“Confession” isn’t exactly a buzzword around Protestant Christian circles. In fact, you probably shudder when you hear it don’t you? Inevitably, when you hear the word you might immediately think of the Catholic practice of confession in a booth, to a priest, a certain number of times a week, or whatever. And that’s unfortunate; because if we are going to truly live better together while following Jesus, confession is not just an optional thing you do when you feel like it or when it is convenient. In fact, as Bonhoeffer explains in the last chapter of Life Together, confession is at the root of the Gospel and something is missing if it is not in our life, at some point.

“It may be that Christians, notwithstanding corporate worship, common prayer, and all their fellowship in service, may still be left to their loneliness. The final break-through to fellowship does not occur, because, although they have fellowship with one another as believers and as devout people, they do not have fellowship as the undevout, as sinners. The pious fellowship permits no one to be a sinner. So everybody must conceal his sin from himself and from the fellowship… So we remain alone with our sin, living in lies and hypocrisy.” (110)

Harsh words from the pastor-theologian… but so true.

We’ve almost become accustomed to sin in our culture as if it were the norm. And to a large degree, it is. But we would never let anyone else know that, now would we? You hear it all the time. “How are you doing today?” “Oh, I’m fine…” You know full well not everyone who says they are “fine,” is fine. We’re all carrying some sort of baggage. Yes, even into church. In fact, especially into church. In my opinion, the church should be the safest place in the world to be yourself. However, so many times it is the opposite. Too often, we make church to be the place where you have to have it all together, or at least look like you do. But is this really all there is to this Jesus thing? Surely there has to be more, right? I think so.

The reason I believe life is better together is because simply living life together and being forthcoming with one another about our doubts, downfalls, hurts, habits, and hang-ups, directly combats sin. I know, that’s not necessarily a comfortable word, either. But, I think we can all acknowledge we’re not perfect. We fall short. The problem is how we do so. Not all of us are so open about that. And when we hide it, that’s when sin begins to creep in.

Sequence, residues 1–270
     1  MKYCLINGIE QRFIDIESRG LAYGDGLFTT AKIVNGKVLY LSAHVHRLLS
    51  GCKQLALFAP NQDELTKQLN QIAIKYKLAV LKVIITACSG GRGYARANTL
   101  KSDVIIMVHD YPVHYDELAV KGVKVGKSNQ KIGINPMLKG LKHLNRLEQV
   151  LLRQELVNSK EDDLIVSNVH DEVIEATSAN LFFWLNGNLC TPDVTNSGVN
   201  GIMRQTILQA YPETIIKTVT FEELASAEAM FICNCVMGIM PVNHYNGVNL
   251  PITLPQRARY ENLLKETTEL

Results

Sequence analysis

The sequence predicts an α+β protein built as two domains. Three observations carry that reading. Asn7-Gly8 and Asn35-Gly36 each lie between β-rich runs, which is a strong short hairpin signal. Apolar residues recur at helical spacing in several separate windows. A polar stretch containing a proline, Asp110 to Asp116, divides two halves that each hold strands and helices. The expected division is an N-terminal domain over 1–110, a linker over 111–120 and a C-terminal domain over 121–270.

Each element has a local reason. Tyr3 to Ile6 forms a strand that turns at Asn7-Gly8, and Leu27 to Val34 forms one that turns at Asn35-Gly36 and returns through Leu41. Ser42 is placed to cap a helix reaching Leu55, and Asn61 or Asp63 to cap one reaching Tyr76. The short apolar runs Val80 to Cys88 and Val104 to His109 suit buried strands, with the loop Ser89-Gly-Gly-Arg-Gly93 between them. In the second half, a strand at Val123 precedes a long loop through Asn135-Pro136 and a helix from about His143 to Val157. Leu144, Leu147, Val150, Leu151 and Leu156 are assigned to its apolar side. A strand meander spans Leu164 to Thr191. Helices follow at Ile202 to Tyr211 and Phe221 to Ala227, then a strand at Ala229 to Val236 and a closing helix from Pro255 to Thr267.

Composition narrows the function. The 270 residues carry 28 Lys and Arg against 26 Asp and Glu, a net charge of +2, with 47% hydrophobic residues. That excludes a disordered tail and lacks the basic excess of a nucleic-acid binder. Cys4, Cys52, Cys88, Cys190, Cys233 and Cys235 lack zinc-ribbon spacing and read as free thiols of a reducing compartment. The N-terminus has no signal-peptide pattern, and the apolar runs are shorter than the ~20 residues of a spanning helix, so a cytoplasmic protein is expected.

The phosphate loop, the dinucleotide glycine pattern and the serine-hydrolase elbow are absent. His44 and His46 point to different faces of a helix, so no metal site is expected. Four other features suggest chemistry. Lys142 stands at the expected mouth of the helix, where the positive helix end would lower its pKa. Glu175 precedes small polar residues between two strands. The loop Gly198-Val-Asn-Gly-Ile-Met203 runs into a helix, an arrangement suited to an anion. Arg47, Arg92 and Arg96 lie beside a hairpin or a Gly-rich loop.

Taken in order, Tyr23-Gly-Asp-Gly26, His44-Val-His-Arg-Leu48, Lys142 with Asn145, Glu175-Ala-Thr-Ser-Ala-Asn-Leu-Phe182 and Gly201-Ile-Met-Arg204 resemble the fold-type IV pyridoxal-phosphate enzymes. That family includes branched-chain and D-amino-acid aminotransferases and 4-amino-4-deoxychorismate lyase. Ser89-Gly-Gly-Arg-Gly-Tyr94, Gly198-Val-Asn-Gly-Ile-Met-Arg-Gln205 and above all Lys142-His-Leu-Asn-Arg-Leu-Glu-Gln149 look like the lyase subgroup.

Sin isolates. It makes us feel as though we are helpless, alone, insufficient, etc. Sin separates us from community and when it succeeds in this, it separates us from God. There is an unspoken myth among the Christian community that being a devoted follower of Jesus simply means you are good at “hiding” your sin. We can act like we have it all together all we want, but our hearts will never change if we do. And if those don’t change, how can we expect our Church communities to change?

Bonhoeffer goes on,

“Sin demands to have a man by himself. It withdraws him from the community. The more isolated a person is, the more destructive will be the power of sin over him, and the more deeply he becomes involved in it, the more disastrous is his isolation. Sin wants to remain unknown. It shuns the light. In the darkness of the unexpressed, it poisons the whole being of a person. This can happen even in the midst of a pious community. In confession, the light of the Gospel breaks into the darkness and seclusion of the heart.” (112)

We have to start being honest with who we really are and we need to “bring confession back.” Not just the sins we feel “safe” confessing, but being completely vulnerable because we actually believe the Gospel is true and Jesus is who he says he is. The Good News of Jesus is not that we can now act like we are sinless, but that Christ died for those who are sinful. As Paul says,

You see, at just the right time, when we were still powerless, Christ died for the ungodly. Very rarely will anyone die for a righteous person, though for a good person someone might possibly dare to die. But God demonstrates his own love for us in this: While we were still sinners, Christ died for us. – Romans 5:6-8

If I’m not really sinful and I continue to hide my shortcomings, then there is no good news here. But if we know ourselves by what Jesus has already done on the Cross, we can experience the true joy of living better together, because we aren’t hiding who we are anymore. When we’re exposed to our sin, we can all the more confidently proclaim, “Jesus is Lord.” This is what it means to “carry the cross.” But this is also what it means to live in what Paul refers to as “the new creation.”

Therefore, if anyone is in Christ, the new creation has come: The old has gone, the new is here! – 2 Corinthians 5:17

So here’s what I leave you with as we close our series on Better Together and finish our journey through Bonhoeffer: live in that new creation. Live better together. Don’t hide who you are anymore and find that person, or persons, in your life to whom you can be completely honest and forthcoming, and they to you. Through relationships like this, we can all begin to echo the famous verse,

“Where, O death, is your victory? Where, O death, is your sting?” The sting of death is sin, and the power of sin is the law. But thanks be to God! He gives us the victory through our Lord Jesus Christ. – 1 Corinthians 15:55-57

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